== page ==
History Channel films Wright Flyer project

By Arrin Brunson
The Herald Journal
July 19, 2002

Eli Lucero/Herald Journal

The Wright Flyer project at Utah State University has captured the attention of nationally renowned History Channel, but Dave Widauf, director of aviation at USU, said he isn't one bit surprised.

"We saw the vision," Widauf said. "Nobody else did, but we had some vision that this would be a really neat event."

USU and the Space Dynamics Laboratory (SDL) coordinated the construction of two life-size flying replicas using space-age materials for the 100th anniversary celebration of the Wright Brothers first successful powered flight in 1903. Widauf said he wouldn't be surprised if the project also gleaned interest of the National Geographic and Discovery Channel.

A year in advance of the celebration, though, it was The History Channel that was first on the scene in Logan this week. The History Channel is very committed to celebrating the important anniversary of the Wright flight in 1903, said Rick Beyer, director, producer and writer of the film.

A two-man crew from Boston began filming on the USU campus early Thursday morning. The finished result will be a two-hour documentary to be aired on The History Channel in conjunction with other anniversary activities some time in 2003.

Engineers, students, faculty and local business sponsors have contributed to the design and construction of two replicas using space-age materials to improve upon the original Wright design. This is the factor that caught the attention of Beyer, owner of SMASH Entertainment Group, which was contracted by the History Channel to make the documentary.

"It's just really different and interesting, the way that they're approaching it and the way that they're modifying the plane," Beyer said. "They're trying to take the basic design of a Wright airplane and push it to the maximum potential."

Widauf said the media attention is both exciting and fascinating. The amount of time required to film a routine interview came as a surprise to Widauf, who got his nose powered before he went before the camera Friday morning at Utah State.

"They've spent better than an hour here setting the lighting up," Widauf said. "It's an art form and they're very good at it."

The nearly 12-hour-long days of filming haven't left much time for Beyer and photography director Dillard Morrison to explore the territory, although they said breakfast at Angie's Restaurant every morning gives them a glimpse at Cache Valley life.

"It's very beautiful here," Beyer said. "We will be coming back. I would just love to bring my family here."

Cache Valley resident Jon Watkins is the third member of the production crew. The KSAR production company employee is the audio manager for the History Channel's Wright documentary.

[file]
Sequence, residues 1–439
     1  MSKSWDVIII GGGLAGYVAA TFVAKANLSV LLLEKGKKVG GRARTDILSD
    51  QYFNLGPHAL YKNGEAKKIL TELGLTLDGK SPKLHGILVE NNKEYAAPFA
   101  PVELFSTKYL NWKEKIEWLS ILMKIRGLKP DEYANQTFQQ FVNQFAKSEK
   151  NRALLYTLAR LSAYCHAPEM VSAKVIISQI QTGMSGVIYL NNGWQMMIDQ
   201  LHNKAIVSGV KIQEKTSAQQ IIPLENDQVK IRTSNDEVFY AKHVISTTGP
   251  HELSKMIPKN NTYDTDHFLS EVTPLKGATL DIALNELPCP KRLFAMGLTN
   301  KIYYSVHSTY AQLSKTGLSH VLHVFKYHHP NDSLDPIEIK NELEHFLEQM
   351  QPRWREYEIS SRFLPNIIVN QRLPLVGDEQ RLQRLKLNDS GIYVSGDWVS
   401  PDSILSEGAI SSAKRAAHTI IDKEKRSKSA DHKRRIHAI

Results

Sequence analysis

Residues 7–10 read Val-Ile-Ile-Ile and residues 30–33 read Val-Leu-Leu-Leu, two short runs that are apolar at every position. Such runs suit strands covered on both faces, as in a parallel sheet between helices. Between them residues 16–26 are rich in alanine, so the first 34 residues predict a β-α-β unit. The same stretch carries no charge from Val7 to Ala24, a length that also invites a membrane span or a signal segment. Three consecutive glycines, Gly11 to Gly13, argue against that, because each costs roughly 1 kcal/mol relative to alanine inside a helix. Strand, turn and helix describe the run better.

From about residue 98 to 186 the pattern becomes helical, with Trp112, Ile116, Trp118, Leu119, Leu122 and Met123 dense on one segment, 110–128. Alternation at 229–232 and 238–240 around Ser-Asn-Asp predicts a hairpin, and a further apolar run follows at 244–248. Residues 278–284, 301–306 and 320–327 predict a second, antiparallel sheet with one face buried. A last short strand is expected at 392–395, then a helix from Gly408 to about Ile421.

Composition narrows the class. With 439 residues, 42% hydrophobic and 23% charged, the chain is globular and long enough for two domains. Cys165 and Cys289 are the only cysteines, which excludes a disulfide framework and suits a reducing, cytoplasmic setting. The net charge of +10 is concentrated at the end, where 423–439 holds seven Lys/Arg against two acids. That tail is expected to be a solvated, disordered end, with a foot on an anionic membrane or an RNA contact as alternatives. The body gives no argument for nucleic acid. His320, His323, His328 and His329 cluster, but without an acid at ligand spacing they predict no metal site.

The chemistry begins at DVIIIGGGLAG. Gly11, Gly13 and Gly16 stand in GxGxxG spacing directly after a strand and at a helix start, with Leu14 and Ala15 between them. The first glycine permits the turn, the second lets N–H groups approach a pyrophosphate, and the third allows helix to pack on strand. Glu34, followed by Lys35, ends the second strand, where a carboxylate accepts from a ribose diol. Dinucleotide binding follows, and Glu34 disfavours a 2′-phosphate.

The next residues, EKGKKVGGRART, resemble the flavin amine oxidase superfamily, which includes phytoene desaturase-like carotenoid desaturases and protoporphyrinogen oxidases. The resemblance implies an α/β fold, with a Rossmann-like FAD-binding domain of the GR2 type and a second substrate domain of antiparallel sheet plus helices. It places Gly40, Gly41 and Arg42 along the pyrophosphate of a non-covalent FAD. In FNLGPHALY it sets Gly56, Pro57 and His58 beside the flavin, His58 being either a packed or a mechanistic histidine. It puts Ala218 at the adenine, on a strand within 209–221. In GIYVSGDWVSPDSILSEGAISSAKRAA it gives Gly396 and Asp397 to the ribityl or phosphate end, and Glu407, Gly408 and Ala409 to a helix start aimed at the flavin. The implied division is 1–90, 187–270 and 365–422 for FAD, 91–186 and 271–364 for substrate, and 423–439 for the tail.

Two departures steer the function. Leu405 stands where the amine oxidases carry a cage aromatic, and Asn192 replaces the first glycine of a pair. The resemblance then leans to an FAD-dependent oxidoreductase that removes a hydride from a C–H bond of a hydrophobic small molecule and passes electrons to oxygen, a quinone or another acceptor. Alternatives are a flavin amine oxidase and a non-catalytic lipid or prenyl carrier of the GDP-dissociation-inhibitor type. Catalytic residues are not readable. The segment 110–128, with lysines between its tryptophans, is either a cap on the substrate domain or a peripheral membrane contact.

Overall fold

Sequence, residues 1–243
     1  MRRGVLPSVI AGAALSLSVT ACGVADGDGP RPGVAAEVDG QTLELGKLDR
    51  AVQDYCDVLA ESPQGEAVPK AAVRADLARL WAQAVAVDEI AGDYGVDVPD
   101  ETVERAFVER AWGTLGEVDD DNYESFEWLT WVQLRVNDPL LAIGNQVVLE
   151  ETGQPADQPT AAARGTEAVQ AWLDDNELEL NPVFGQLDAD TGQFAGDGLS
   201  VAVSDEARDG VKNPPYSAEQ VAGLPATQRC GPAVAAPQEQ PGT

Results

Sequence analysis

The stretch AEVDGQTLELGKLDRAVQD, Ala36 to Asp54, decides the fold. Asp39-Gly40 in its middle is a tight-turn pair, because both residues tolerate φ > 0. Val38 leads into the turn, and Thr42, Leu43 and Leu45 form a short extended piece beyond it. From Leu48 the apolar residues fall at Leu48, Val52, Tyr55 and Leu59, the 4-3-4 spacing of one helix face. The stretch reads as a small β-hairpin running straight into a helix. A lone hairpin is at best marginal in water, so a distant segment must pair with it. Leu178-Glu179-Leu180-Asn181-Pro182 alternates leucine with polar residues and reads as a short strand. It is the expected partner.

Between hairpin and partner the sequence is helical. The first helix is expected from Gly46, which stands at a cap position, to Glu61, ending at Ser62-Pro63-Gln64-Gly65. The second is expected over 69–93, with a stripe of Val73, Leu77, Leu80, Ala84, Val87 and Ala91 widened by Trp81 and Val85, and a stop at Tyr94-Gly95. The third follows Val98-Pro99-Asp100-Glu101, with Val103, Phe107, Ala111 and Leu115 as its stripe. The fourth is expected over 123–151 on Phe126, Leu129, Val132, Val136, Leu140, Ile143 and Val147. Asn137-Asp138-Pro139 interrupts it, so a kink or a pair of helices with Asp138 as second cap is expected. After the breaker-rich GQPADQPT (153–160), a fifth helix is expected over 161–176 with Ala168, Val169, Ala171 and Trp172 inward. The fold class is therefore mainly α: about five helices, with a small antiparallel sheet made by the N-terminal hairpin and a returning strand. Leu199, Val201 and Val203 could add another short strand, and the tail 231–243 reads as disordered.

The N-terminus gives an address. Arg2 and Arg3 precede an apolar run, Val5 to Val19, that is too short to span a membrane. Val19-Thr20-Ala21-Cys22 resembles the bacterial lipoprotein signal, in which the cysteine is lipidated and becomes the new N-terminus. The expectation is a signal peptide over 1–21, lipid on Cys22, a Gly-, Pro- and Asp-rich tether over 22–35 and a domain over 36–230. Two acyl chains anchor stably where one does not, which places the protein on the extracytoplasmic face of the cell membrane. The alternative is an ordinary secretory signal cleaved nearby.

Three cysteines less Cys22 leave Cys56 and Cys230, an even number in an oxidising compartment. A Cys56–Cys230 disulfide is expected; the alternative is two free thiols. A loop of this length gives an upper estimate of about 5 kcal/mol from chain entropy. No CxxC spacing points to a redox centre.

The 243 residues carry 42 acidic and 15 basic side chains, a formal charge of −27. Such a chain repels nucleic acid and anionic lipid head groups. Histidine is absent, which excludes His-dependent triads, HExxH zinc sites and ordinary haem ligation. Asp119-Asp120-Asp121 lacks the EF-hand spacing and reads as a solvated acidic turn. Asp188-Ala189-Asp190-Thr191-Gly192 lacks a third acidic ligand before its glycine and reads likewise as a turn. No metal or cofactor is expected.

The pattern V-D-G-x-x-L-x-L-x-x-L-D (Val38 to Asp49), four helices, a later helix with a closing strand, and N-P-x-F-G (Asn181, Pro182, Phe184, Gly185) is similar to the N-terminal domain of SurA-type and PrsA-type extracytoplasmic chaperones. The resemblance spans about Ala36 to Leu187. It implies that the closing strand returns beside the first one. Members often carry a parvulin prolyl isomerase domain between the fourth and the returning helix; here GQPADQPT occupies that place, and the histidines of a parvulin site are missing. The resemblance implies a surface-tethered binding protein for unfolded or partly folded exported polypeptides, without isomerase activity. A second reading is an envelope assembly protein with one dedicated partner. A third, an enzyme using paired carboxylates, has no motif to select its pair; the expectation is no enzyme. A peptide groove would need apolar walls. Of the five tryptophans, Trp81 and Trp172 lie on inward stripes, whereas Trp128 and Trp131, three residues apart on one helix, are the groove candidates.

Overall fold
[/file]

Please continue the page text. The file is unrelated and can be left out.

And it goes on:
"This is one of the more exciting partnerships I've been a part of," Watkins said. "It will be exciting next fall to see this program and to see Cache Valley representing Utah State on a major television channel."

Ying Yen, a student involved in the construction of the planes, said when he came from Taiwan several years ago to study aeronautical maintenance at USU, he never dreamed of this.

"When I was a child, I read a lot of stories about the Wright Brothers but I cannot believe after 20 years that have a chance to participate in this project," he said.

James Call, USU aviation maintenance student, did some machining demonstrations on film Thursday and welcomed the chance to tell a national audience about the project. Call said the amount of time it takes to build the planes is immense and he has already put in 230 hours this summer. The most important aspect of the project, Call has learned, is the historical significance of the Wright Brothers' flight nearly 100 years ago.

"It is important for people to remember where we started with aviation," Call said. "The Wright Brothers were really ahead of their time and were great pilots to fly an aircraft that was so unstable."

Once the cameras are gone, efforts to finish the construction of the replicas will again be the center of attention in the hangar at Utah State. Widauf said the planes will be finished in plenty of time and they will fly.

The more pressing question, Widauf said, is how to fund the transportation of the vehicles. Plans are to transport a replica throughout the state as an outreach tool for the university and to have former astronaut Jake Garn fly the USU replica in the Wright Brothers' hometown of Dayton, Ohio at the July 2003 anniversary celebration.

"We're going to be one of the major events there at that celebration and they're more excited back in Dayton about our project, I feel, than our own local people are because we haven't got the story out really well," Widauf said. "This is going to be a big thing for Cache Valley. This is huge."